Patient-reported outcome measures and clinical outcomes in children with foregut anomalies

Isabel I. Sreeram, Chantal A. Ten Kate, Joost Van Rosmalen, Johannes M. Schnater, Saskia J. Gischler, René M.H. Wijnen, Hanneke Ijsselstijn, André B. Rietman*

*Corresponding author for this work

Research output: Contribution to journalArticleAcademicpeer-review

3 Citations (Scopus)
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Increasing numbers of children and adults with chronic disease status highlight the need for a value-based healthcare system. Patient-reported outcome measures (PROMs) are essential to value-based healthcare, yet it remains unclear how they relate to clinical outcomes such as health and daily functioning. We aimed to assess the added value of self-reported PROMs for health status (HS) and quality of life (QoL) in the long-term follow-up of children with foregut anomalies. We evaluated data of PROMs for HS and/or QoL among eight-year-olds born with congenital diaphragmatic hernia (CDH), esophageal atresia (EA), or congenital lung malformations (CLM), collected within the infrastructure of a multidisciplinary, longitudinal follow-up program. Clinical outcomes were categorized into different outcome domains, and their relationships with self-reported HS and QoL were assessed through multivariable linear regression analyses. A total of 220 children completed HS and/or QoL self-reports. In children with CDH and EA, lower cognition was significantly associated with lower self-reported HS. Due to the low number of cases, multivariable linear regression analysis was not possible in children with CLM. HS, QoL, and clinical outcomes represent different aspects of a child’s wellbeing and should be measured simultaneously to facilitate a more holistic approach to clinical decision making.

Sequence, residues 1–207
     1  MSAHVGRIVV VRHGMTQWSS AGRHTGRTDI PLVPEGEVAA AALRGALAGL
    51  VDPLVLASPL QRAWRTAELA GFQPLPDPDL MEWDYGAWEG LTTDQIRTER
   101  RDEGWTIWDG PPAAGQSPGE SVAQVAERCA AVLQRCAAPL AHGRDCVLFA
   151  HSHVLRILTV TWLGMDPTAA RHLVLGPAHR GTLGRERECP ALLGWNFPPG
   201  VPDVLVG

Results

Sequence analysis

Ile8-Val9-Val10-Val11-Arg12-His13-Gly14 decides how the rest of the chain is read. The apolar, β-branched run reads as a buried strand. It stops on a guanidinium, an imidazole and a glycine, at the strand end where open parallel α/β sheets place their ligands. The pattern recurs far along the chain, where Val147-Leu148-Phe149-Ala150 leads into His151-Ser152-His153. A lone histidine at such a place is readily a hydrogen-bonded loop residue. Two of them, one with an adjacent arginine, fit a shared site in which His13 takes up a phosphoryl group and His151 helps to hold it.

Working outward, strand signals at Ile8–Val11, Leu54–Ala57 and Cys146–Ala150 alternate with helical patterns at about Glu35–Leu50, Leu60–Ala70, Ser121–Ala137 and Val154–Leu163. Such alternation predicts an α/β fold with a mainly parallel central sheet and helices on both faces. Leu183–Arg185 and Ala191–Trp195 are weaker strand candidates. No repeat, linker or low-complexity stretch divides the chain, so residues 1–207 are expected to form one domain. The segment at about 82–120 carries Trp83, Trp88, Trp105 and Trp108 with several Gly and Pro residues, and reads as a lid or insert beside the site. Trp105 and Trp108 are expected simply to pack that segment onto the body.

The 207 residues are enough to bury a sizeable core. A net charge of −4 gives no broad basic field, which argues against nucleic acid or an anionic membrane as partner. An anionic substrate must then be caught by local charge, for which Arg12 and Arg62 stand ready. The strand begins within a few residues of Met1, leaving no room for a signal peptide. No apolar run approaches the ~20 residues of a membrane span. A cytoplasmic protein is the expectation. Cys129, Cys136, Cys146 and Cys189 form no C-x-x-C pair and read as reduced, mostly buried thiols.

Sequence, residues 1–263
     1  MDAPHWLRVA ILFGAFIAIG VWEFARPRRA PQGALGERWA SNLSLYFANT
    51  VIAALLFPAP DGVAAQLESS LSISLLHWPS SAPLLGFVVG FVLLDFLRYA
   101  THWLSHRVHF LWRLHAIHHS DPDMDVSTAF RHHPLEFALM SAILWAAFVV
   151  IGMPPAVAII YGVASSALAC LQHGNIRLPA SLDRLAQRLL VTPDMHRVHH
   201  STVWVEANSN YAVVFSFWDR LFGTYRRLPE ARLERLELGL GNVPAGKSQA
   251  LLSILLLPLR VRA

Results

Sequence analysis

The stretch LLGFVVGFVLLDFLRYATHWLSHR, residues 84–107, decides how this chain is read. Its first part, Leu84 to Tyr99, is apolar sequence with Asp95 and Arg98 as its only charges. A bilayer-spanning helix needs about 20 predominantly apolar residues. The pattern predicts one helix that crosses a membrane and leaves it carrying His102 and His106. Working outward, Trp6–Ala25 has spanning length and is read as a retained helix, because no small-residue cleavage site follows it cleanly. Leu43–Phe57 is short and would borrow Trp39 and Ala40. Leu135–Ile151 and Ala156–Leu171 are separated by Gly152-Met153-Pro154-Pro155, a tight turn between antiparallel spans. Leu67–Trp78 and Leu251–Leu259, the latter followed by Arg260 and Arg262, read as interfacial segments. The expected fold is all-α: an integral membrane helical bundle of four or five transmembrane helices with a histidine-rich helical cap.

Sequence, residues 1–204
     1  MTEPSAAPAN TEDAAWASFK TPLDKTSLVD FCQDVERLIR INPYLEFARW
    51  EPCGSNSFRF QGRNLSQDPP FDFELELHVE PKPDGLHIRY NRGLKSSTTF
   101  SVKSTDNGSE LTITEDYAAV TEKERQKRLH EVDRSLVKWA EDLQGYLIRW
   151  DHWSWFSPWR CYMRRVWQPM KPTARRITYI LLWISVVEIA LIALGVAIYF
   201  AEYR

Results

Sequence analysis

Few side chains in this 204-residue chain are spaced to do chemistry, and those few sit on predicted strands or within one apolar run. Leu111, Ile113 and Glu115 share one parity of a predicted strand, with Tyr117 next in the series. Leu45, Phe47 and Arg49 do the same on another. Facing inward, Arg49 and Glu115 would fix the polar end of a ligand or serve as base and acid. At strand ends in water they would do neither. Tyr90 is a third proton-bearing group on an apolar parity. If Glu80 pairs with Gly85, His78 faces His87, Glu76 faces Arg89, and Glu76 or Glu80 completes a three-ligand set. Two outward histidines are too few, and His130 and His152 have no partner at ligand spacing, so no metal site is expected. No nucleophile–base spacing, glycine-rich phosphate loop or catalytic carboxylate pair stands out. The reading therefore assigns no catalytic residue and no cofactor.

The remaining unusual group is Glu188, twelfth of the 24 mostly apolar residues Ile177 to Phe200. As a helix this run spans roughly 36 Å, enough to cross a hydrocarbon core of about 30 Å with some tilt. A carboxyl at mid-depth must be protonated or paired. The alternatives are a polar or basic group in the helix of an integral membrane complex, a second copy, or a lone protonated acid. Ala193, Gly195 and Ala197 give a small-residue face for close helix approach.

Original languageEnglish
Article number587
Issue number7
Publication statusPublished - 10 Jul 2021

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